Disclaimer: I work for Red Hat, my views and opinions are solely mine though.
I had the pleasure of speaking at and attending DevOpsDays Raleigh 2019. First off, this event routinely out punches its weight class as far as quality. Don’t get me wrong the McKimmon Center on NC State’s campus has gotten very dated but, this five-year-old event keeps getting better.
Note: If you are not familiar with DevOpsDays, please consider attending one near you in the next year. They are affordable and encourage networking better than most events I’ve been to. I spoke at my first DevOpsDays in Detroit in 2016. We lived in Raleigh, and I wanted to work for Red Hat. Now we live in Detroit near my wife’s family, and I work for Red Hat. Who says DevOps doesn’t make dreams come true?
I did an ignite karaoke talk (one minute, four random slides; example deck) about how Kubernetes is as complicated as you make it, “It’s just a shitload of YAML and some APIs.” The premise was to start slow and build skills iteratively (like with DevOps). It came together when a picture of Jeff Goldblum attempting to outrace some vicious dinosaur from a Jurassic Park movie. I said something along the lines of, “T. Rex was clocked at 34 MPH. You don’t need 25 nodes. Start small.”
This one minute talk resulted in two folks asking how to get started contributing to Kubernetes. I introduced another speaker to SIG-Docs' Zach Corleissen. They were really interested in making the docs easier for their spouse to consume and learn for career advancement.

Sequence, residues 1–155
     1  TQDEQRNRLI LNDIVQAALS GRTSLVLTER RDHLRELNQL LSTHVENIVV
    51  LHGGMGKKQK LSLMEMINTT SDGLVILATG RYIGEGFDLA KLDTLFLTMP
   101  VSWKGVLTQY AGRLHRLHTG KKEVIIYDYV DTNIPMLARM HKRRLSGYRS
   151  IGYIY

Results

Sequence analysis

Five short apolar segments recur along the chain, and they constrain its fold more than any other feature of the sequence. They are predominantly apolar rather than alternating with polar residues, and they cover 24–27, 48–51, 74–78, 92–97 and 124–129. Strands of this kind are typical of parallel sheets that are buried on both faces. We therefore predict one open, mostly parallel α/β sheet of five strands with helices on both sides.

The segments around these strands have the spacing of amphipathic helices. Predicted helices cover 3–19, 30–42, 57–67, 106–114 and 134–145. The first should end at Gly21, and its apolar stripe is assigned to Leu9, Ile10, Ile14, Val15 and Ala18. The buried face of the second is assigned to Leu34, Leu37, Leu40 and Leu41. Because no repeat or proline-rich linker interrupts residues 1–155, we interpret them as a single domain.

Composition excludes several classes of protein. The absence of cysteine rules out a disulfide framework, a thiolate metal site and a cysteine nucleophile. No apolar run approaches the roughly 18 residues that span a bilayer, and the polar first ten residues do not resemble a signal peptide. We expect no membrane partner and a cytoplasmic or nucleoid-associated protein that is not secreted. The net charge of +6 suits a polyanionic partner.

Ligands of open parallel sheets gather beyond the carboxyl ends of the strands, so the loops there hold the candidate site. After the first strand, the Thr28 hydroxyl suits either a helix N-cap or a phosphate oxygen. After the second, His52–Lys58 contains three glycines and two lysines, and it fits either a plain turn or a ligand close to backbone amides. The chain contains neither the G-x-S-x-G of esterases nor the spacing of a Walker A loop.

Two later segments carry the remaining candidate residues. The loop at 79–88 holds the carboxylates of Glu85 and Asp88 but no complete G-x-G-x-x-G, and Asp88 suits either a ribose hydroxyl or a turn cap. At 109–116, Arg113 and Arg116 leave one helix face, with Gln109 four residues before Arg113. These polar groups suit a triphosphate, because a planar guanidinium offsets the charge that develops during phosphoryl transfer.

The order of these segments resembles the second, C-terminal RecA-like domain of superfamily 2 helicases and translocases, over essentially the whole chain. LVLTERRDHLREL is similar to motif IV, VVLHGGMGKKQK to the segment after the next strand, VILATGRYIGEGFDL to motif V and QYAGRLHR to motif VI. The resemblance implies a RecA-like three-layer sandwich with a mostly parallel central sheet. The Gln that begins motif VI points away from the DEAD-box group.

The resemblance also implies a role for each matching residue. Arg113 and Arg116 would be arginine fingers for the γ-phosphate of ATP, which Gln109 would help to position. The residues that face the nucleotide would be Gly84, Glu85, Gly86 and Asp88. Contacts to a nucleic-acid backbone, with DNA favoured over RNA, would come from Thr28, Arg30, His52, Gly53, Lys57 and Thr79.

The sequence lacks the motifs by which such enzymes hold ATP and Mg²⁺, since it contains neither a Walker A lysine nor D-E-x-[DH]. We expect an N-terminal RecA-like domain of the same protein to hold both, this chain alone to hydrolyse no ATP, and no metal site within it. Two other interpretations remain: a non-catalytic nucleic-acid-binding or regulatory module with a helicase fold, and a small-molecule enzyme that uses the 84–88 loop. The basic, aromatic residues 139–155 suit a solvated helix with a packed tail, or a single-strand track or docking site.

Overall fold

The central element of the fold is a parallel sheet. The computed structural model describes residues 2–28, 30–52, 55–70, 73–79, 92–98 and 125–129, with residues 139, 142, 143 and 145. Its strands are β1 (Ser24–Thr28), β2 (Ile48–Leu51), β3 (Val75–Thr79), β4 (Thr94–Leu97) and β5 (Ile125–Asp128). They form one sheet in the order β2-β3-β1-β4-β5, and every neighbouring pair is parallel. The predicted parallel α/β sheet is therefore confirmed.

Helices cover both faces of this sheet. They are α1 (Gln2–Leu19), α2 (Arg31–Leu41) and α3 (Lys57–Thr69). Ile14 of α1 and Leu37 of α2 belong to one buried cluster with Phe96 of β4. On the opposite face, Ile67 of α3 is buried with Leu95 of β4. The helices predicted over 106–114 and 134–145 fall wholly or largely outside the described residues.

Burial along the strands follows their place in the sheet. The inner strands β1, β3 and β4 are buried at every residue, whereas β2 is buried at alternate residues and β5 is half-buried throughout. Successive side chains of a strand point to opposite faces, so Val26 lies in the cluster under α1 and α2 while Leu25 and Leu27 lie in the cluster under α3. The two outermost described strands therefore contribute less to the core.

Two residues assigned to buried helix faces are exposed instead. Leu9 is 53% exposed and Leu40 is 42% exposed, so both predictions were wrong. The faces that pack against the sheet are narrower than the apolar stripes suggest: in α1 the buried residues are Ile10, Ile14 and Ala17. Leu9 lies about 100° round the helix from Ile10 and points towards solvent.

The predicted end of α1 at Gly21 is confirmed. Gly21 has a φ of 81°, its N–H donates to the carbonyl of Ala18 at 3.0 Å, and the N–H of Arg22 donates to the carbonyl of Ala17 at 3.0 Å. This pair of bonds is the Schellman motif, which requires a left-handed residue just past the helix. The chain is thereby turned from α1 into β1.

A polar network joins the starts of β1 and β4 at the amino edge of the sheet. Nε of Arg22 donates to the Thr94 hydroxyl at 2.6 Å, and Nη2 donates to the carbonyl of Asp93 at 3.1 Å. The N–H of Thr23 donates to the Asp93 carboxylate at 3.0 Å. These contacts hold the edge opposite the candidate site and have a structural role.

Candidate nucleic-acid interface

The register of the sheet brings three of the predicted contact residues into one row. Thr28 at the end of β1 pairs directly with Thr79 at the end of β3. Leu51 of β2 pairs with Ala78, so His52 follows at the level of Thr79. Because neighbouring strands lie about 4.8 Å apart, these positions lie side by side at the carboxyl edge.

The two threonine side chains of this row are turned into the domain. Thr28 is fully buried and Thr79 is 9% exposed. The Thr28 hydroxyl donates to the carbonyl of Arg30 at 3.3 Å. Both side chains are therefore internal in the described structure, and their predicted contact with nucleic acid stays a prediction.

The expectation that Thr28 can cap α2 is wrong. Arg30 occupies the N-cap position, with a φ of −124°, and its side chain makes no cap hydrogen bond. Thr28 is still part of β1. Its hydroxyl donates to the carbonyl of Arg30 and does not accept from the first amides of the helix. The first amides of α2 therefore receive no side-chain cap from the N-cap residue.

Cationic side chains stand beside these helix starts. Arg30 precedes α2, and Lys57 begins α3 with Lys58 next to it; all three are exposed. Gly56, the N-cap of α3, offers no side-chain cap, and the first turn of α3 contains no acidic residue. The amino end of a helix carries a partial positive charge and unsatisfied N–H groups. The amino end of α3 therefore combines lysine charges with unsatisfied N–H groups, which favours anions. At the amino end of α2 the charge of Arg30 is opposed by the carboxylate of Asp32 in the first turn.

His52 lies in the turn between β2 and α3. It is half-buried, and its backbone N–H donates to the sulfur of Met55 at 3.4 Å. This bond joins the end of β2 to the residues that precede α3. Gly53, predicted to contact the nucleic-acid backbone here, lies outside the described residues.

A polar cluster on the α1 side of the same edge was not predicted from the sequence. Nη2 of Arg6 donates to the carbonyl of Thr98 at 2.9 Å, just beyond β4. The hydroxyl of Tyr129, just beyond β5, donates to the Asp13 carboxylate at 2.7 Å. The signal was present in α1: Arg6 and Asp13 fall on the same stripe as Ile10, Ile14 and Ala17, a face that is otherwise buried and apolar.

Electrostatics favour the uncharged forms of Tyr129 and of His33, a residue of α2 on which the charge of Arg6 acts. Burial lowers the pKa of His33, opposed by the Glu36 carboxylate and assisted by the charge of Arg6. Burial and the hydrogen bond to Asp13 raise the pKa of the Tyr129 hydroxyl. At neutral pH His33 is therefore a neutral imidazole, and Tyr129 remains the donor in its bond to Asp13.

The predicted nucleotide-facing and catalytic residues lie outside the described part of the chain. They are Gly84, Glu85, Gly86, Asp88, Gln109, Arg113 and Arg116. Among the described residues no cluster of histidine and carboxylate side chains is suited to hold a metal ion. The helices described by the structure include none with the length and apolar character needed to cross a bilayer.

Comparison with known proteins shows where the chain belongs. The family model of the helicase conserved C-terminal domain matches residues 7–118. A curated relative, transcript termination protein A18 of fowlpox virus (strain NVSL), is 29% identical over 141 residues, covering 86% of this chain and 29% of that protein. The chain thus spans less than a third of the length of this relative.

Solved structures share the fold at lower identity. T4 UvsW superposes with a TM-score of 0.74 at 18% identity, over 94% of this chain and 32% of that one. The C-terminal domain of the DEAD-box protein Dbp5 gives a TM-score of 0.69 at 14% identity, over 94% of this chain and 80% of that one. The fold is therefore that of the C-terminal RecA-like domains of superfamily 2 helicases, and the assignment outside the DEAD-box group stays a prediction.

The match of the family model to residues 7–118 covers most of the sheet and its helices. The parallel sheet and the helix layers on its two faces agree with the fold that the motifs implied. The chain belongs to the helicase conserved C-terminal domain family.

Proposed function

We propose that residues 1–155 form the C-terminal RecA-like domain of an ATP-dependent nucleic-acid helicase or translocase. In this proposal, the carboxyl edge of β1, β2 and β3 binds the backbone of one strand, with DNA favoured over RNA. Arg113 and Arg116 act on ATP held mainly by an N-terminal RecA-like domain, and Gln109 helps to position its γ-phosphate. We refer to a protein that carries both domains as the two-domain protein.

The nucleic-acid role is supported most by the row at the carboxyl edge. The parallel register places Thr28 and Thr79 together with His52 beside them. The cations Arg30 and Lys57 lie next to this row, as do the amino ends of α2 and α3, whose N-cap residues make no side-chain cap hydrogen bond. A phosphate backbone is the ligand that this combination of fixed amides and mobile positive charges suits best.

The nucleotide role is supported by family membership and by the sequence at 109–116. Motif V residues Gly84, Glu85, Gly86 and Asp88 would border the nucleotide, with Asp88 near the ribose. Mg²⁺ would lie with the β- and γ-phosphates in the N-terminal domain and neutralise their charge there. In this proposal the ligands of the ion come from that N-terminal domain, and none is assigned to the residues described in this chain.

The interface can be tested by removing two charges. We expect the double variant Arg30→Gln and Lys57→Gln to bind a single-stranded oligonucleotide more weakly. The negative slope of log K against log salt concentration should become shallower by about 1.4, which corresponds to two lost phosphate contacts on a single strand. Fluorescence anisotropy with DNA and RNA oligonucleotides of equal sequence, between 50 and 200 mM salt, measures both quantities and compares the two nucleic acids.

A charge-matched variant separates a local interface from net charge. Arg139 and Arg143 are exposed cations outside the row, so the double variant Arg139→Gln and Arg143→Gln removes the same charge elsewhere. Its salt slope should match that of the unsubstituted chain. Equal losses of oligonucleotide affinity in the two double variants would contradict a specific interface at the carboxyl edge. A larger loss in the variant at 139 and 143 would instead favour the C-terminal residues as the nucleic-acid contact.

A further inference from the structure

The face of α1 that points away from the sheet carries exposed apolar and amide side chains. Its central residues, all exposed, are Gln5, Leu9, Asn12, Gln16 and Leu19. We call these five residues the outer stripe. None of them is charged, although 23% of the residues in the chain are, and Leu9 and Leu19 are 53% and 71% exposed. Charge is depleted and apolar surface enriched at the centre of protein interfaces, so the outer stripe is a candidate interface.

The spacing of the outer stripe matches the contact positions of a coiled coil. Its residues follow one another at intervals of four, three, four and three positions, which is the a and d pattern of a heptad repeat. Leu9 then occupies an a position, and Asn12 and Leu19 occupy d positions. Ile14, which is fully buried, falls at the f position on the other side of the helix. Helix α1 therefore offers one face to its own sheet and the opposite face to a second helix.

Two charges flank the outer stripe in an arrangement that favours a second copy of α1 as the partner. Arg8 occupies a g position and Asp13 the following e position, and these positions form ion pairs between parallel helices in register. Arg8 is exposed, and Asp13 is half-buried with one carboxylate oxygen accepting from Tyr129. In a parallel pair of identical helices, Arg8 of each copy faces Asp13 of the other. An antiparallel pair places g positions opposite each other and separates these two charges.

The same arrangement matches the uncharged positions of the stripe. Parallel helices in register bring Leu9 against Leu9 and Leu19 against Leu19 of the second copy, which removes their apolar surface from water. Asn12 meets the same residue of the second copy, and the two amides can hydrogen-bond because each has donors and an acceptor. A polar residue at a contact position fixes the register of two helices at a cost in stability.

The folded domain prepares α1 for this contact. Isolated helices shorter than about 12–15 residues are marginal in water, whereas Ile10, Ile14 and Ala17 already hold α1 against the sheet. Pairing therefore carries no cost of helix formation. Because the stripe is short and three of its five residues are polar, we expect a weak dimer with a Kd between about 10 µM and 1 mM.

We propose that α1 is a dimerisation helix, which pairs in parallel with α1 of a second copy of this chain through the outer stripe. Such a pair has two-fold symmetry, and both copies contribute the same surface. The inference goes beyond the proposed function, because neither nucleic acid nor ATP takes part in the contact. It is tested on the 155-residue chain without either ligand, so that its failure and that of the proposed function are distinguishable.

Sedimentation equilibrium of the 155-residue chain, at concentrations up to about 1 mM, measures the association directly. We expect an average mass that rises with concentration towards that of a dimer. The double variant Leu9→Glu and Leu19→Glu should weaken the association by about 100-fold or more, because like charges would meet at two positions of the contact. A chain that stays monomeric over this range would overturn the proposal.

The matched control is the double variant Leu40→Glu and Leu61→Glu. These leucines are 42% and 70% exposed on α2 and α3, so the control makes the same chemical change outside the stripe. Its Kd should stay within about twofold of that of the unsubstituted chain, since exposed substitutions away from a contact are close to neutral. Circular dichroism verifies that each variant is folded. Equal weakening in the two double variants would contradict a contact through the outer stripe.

I did my DevOps is Not War talk. It was well-received. But, there were actually folks grabbing me afterward saying I might have just solved a ton of their organizational issues. The persona of people who pulled me aside the most were Business Analysts and technical leads. All of them were trying to figure out how to push “classic” teams into the now. It was a DevOpsDays event, after all.
One Business Analyst from Ashley Furniture pulled me aside for a solid twenty minutes about DevOps. Being from NC and having lived through the textile and furniture industries collapsing, I reminded him to look no further than their market to figure out what not to do. I also mentioned that their wins have to celebrated. Once the celebrations get big enough, invite a Director or VP and see what happens. Remember to focus on value add. DevOps practitioners are the folks driving changes in their orgs. That change needs to be displayed in a manner that is consumable for everyone to see.
I’m doing this same talk at DevOpsDays Detroit at the end of the month. If you’re in the area, stop by and say hello!
My favorite talk of the event though, had to be Daniel Oh’s Quarkus talk. First, Daniel Oh is an excellent speaker. He is deliberate, clear, and concise. It is refreshing because that’s such a hard thing to get to as a speaker. Quarkus is cool tech, we all kind of agree on that. But, when Daniel went through the compile, package, and execute steps in seconds, one person, a few rows behind me said, “Wow!” It wasn’t a plant; straight up had their mind blown.
Great job to the entire organizing team this year! Thank you for inviting me to speak at such a fantastic event.